© 2014 by the authors; licensee Cogitatio (Lisbon, Portugal). This paper draws upon the findings of an evaluation of “More than a Game”, a sport-focused youth mentoring program in Melbourne, Australia that aimed to develop a community-based resilience model using team-based sports to address issues of identity, belonging, and cultural isolation amongst young Muslim men in order to counter forms of violent extremism. In this essay we focus specifically on whether the intense embodied encounters and emotions experienced in team sports can help break down barriers of cultural and religious difference between young people and facilitate experiences of resilience, mutual respect, trust, social inclusion and belonging. Whilst the project findings are directly relevant to the domain of countering violent extremism, they also contribute to a growing body of literature which considers the relationship between team-based sport, cross-cultural engagement and the development of social resilience, inclusion and belonging in other domains of youth engagement and community-building.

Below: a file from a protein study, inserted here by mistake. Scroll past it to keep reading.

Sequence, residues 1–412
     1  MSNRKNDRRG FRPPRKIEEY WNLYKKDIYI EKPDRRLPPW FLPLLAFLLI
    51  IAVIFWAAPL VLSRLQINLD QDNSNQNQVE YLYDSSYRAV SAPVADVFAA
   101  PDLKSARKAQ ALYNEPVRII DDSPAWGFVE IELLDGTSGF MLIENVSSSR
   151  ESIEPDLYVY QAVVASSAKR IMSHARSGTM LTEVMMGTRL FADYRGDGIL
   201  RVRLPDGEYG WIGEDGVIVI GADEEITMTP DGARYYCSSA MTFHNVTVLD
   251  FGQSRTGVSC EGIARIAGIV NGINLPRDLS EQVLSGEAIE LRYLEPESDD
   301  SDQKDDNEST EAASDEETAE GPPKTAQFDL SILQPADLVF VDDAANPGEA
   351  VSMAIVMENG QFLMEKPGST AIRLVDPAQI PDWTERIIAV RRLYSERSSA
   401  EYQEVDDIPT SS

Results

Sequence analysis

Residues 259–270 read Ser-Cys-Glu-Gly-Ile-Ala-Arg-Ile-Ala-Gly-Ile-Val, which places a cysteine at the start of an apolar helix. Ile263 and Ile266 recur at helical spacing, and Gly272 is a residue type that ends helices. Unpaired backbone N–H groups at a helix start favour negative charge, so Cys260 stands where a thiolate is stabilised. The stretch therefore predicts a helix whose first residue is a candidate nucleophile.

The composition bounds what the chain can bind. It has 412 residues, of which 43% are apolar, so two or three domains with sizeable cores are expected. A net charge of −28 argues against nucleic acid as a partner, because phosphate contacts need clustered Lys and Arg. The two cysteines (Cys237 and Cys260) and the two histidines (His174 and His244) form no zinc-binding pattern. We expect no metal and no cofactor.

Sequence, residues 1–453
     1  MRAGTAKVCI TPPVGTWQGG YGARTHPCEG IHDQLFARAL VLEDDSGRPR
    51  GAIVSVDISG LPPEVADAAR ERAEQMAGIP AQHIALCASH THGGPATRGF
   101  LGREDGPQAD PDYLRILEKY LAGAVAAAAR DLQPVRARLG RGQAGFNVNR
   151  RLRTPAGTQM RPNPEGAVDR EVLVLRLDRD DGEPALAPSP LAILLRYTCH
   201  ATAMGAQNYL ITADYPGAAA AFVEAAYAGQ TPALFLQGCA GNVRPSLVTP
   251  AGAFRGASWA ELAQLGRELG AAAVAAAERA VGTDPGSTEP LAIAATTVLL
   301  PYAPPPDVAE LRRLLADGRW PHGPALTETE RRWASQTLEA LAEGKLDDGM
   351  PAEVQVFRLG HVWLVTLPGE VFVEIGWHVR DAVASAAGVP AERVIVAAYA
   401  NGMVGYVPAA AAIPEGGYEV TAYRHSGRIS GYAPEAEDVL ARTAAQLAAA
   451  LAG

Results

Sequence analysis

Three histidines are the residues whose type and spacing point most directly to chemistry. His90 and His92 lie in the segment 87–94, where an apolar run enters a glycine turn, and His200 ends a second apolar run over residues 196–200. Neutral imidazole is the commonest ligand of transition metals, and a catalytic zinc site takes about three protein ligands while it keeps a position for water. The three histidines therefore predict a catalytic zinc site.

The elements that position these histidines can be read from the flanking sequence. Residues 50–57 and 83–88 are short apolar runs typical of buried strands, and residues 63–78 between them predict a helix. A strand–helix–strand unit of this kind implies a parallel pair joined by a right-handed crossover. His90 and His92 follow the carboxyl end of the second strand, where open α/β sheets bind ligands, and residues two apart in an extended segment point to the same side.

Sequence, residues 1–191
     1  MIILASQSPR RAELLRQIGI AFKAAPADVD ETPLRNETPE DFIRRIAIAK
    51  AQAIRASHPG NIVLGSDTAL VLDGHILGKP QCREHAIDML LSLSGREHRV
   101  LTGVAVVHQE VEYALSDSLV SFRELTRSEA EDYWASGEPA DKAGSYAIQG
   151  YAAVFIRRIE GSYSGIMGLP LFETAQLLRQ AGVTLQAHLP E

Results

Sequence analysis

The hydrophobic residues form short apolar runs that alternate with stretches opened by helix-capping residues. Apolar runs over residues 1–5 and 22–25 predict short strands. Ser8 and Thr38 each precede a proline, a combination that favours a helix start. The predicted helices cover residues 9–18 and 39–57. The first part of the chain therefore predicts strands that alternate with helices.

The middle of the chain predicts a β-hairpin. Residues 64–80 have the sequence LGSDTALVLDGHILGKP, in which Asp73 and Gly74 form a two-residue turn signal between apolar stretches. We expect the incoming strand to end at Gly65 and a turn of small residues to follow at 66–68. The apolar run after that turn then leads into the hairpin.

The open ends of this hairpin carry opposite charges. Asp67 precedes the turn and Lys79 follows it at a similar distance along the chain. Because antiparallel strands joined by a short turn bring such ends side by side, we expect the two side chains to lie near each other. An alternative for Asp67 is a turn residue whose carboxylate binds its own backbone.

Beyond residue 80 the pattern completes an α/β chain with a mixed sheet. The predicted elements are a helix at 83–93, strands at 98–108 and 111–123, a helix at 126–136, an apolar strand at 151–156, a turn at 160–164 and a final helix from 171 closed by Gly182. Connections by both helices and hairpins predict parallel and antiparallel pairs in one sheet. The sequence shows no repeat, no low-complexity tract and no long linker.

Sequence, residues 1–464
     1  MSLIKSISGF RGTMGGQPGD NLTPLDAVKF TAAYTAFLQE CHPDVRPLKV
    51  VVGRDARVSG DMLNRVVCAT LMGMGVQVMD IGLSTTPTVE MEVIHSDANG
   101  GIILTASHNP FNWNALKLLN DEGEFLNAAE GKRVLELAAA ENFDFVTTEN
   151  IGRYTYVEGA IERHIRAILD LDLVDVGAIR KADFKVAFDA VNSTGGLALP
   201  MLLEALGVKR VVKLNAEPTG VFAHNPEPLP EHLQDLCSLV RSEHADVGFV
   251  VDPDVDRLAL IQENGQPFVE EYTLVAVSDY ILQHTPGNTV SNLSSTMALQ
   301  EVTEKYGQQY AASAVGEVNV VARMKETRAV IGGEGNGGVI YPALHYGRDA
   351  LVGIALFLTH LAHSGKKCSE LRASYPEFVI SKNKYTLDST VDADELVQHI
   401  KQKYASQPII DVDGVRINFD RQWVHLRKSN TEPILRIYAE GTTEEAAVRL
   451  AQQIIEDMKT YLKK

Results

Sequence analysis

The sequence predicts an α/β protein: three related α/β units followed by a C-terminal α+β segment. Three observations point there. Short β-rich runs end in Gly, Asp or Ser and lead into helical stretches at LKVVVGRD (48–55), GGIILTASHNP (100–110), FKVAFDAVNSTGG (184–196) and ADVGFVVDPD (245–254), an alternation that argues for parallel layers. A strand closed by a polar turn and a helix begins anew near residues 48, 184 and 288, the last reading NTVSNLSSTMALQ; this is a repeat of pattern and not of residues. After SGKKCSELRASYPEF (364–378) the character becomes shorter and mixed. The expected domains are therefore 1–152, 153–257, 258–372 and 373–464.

McCosker, A & Johns, A 2014, 'CONTESTED PUBLICS: RACIST RANTS, BYSTANDER ACTION AND SOCIAL MEDIA ACTS OF CITIZENSHIP', MEDIA INTERNATIONAL AUSTRALIA, no. 151, pp. 66-72.